Voluntary Tracking Devices Proposed for Children with Autism
White Plains, NY (Law Firm Newswire) March 11, 2014 - Senator Charles Schumer has proposed legislation that would fund voluntary tracking devices for children with autism. The devices would help address the problem of wandering.
The proposed legislation is called “Avonte's Law,” after Avonte Oquendo, a 14-year-old autistic boy who was found dead after he disappeared from his school in Queens, New York.
The law would increase funding for a Department of Justice program that provides grants to police departments and other groups that allow them to supply tracking devices for people with Alzheimer's disease. The law would allocate $10 million to expand the program to cover children with autism. Each tracking device costs between $80 and $90 to purchase and a few dollars per month to operate. Interested parents would have free access to the devices, which can be sewn into clothing or worn around the wrist.
Use of the devices would be the parents' decision, and local governments would decide exactly how they would be implemented. The devices can be programmed in different ways: to alert authorities automatically when a child leaves a certain perimeter, like school grounds, or to activate only when authorities are notified.
Avonte Oquendo disappeared from his school by the Queens waterfront in October 2013. He had no prior history of running away. Due to his severe autism, he was not able to communicate verbally, making him more vulnerable to danger. The New York Police Department, along with the boy's family and volunteers, searched for him by every available means. Bloodhounds were put on the scent, divers searched the East River, and neighbors and subway riders saw the boy's face on posters and heard announcements regarding his disappearance. His remains were discovered along the East River shoreline in January. DNA testing confirmed the identity of the body, and an investigation continues into the cause of death.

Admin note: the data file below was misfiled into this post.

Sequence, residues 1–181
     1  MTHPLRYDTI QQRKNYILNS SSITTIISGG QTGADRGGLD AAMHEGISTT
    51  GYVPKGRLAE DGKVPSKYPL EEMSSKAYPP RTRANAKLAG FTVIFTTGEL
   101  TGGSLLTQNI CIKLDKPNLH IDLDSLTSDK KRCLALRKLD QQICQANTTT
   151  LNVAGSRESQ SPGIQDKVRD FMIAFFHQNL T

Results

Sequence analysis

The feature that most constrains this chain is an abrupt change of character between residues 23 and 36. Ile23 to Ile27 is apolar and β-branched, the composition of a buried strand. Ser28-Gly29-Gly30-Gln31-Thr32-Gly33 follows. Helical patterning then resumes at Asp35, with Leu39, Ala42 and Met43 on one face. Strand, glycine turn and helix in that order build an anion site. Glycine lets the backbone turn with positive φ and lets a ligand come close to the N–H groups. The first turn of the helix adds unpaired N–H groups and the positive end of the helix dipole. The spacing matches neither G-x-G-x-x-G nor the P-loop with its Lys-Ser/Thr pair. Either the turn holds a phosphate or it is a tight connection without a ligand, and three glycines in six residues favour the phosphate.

According to Senator Schumer, the tracking equipment is “a high-tech solution to an age-old problem.” Research indicates that nearly 50 percent of children with autism are prone to wandering or bolting, often to get away from noises that overstimulate them. Many are drawn to bodies of water because they seem soothing, which creates a significant drowning risk.
New York Contact:
Maria M. Brill
Littman Krooks LLP
New York City Office
655 Third Avenue, 20th Floor
New York, New York 10017
(212) 490-2020 Phone
399 Knollwood Road
White Plains, New York 10603
(914) 684-2100 Phone
300 Westage Business Center Drive, Suite 400
Fishkill, NY 12524
(845) 896-1106 Phone
View Larger Map
- Summer Extended School Year Programs for Children with Disabilities
By Marion M. Walsh, Esq. The end of the school year can bring relief for many students and parents, but also uncertainty and trepidation about the summer months. The new school year technically beings on July 1, 2015, although most students will not begin school until September. Many students do regress academically, behaviorally or emotionally […]
- Trusts and Your Heir with Special Needs
Trusts are a common estate planning tool and are used to keep assets out of a probated estate or to reduce an estate tax burden. Trusts can also be used to protect one’s heirs. There are instances when it may not be in a person’s own best interests to inherit funds directly. A direct inheritance […]
- How Much Does It Cost Appoint a Guardian?
By Bernard A. Krooks, Esq. Clients often ask us how much it will cost to get a guardian appointed for a parent or other relative. It is hard to answer with precision, but it is a fair question. Let us see if we can give you some guidance. First, let’s not forget that you should […]
- Special Education Waiver Update: 2015-2016
By Stacy Sadove, Esq. Advocates and parents eagerly awaited the passage of the 2015-2016 New York State Budget. In particular, the budget proposed many changes with regard to education– through the Education, Labor & Family Assistance Bill. The modified budget passed shortly before 3am on April 1, 2015. A proposed special education waiver remained of […]
- Robot Teaches Social Skills to Children with Autism
A robot has been developed to teach children with autism about social interactions, and in some cases it has proven more successful than human therapists. Experts have long known that children with autism can find it difficult to talk with or even look directly at therapists, but they often readily engage with technology. The developers […]